Lycoris is a genus of about20 species of perennials in the family Amaryllidaceae, native to Eastern Asia, mainly China and Japan.
Most species have flowers with narrow, strap-like petals and long stamens that give them their spidery appearance. The flowers come in many colors and will bring cheer to everyone who sees them!
The genus was named after the Roman actress and mistress of Mark Antony, Lycoris.
The plants are often called Spider Lilies because of their shape.
Lycoris symbolizes death and reincarnation.
Interesting facts about Lycoris:
Red Spider Lily (Lycoris radiata)
The most popular species in the genus is Lycoris radiata, commonly known as “Red Spider Lily”, “Red Magic Lily” or “Hurricane Lily”.
The flowers appear on their own, unfettered by foliage and it’s always lovely to see these flowers because no leaves are present when the blooms appear.
In Japan, Lycoris radiata is known as “Higanbana“, which roughly means “The flower that blooms during the (fall) equinox”. It blooms around the time of the autumn equinox in late September to early fall all across Japan.
The flower is also referred to as “Manjushage”, which means “The flower in heaven”. It is believed that its bright colors and striking appearance lead souls into the afterlife.
Higanbana is one of the most iconic autumn flowers in Japan and is often seen in temple precincts and cemeteries.
Japan’s largest Higanbana field is located at Kinchakuda, in Hidaka City, Saitama. It is one of the largest parks in Japan with over 5 million of these flowers blooming like fireworks against the soft blue sky.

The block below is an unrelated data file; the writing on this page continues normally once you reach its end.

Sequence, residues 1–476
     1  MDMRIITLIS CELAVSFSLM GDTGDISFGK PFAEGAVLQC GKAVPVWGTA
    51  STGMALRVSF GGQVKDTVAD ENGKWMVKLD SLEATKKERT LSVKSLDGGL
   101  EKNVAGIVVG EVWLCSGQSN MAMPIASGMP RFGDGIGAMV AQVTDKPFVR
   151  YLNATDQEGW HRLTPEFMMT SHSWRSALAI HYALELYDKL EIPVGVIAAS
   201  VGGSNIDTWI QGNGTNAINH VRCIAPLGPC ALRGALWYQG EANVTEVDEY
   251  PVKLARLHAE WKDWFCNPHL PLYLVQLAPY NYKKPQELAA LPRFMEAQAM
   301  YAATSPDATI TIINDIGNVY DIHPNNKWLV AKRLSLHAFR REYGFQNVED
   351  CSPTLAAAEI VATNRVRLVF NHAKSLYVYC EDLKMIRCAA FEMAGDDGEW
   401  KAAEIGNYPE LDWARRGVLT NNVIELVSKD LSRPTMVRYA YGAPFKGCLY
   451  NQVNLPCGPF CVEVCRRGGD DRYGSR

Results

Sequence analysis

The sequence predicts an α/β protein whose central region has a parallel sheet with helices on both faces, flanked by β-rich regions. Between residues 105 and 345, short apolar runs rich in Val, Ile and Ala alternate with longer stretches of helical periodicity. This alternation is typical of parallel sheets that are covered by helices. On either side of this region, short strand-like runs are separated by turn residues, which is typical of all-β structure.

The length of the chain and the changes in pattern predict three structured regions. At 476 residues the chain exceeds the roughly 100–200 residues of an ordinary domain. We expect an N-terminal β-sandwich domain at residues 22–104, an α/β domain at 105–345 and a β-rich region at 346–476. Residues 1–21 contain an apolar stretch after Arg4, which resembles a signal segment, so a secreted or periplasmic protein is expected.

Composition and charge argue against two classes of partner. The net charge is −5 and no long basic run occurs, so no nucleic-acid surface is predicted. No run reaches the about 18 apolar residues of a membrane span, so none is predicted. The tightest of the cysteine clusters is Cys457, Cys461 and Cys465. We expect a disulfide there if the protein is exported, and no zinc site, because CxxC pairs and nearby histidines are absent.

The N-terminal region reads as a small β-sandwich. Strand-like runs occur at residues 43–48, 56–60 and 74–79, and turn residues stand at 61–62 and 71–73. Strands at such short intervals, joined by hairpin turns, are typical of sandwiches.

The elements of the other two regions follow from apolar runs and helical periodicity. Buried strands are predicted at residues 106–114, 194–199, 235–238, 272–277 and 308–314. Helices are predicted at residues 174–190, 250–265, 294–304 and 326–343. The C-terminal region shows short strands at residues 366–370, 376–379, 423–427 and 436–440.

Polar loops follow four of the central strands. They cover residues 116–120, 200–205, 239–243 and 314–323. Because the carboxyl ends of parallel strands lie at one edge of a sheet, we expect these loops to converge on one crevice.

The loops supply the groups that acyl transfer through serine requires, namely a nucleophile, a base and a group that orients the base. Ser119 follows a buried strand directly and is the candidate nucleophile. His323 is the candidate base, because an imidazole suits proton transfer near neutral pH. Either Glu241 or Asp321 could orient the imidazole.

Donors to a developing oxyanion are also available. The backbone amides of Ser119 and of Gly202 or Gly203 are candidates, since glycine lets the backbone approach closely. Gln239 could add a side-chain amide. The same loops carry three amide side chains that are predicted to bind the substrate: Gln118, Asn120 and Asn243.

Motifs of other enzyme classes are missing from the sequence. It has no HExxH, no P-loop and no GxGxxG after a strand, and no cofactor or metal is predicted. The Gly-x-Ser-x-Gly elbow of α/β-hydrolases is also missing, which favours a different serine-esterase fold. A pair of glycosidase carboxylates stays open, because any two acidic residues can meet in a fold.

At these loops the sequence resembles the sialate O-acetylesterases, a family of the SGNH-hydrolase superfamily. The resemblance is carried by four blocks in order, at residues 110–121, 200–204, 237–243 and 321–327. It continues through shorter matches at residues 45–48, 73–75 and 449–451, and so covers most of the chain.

Surprise Lilies or Naked Ladies
Most of the Lycoris species do not bloom like other plants. Instead, they bloom on flower stalks with no leaves present, hence the common name Surprise Lilies or Naked Ladies.
The flowers appear on leafless stems in late summer, while the leaves die back before the flowers emerge or appear afterwards. The flowers appear from nowhere, since there is no foliage to indicate where the bulb is planted, so don’t be surprised if they magically pop up in the middle of the yard!
Is Lycoris Poisonous?
All species contain the alkaloid poison – lycorine, which can cause vomiting, diarrhea, abdominal pain, depression and even death.
Benefits and Uses
The bulbs of Lycoris radiata are used in traditional Chinese medicine.
The plant is used to treat a variety of illnesses, including ulcers, swellings, stomach and liver problems, rheumatism and epilepsy. It has also been shown to have anticancer properties.
They are extensively cultivated as ornamental plants in Eastern Asia.
The flowers come in shades of red, pink, orange, white and yellow.
Spring, Autumn, Summer
Lycoris grows up to 60 cm (2 ft) in height.
The plant prefers soils that are rich and well-drained, with medium moisture. It is not fussy about the soil pH.